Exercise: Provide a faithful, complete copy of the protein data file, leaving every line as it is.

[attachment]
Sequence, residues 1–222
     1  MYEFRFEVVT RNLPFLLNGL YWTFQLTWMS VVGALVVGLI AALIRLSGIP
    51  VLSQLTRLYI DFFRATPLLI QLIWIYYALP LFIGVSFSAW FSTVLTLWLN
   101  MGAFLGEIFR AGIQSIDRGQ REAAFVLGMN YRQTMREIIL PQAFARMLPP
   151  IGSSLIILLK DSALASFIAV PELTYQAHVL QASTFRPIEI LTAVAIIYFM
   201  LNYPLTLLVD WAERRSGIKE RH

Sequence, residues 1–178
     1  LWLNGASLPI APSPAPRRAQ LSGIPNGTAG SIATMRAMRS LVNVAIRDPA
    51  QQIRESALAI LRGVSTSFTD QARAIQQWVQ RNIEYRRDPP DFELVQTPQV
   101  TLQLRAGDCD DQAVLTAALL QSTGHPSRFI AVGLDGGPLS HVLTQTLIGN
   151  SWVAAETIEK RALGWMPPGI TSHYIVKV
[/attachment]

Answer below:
Sequence, residues 1–222
     1  MYEFRFEVVT RNLPFLLNGL YWTFQLTWMS VVGALVVGLI AALIRLSGIP
    51  VLSQLTRLYI DFFRATPLLI QLIWIYYALP LFIGVSFSAW FSTVLTLWLN
   101  MGAFLGEIFR AGIQSIDRGQ REAAFVLGMN YRQTMREIIL PQAFARMLPP
   151  IGSSLIILLK DSALASFIAV PELTYQAHVL QASTFRPIEI LTAVAIIYFM
   201  LNYPLTLLVD WAERRSGIKE RH

Sequence, residues 1–178
     1  LWLNGASLPI APSPAPRRAQ LSGIPNGTAG SIATMRAMRS LVNVAIRDPA
    51  QQIRESALAI LRGVSTSFTD QARAIQQWVQ RNIEYRRDPP DFELVQTPQV
   101  TLQLRAGDCD DQAVLTAALL QSTGHPSRFI AVGLDGGPLS HVLTQTLIGN
   151  SWVAAETIEK RALGWMPPGI TSHYIVKV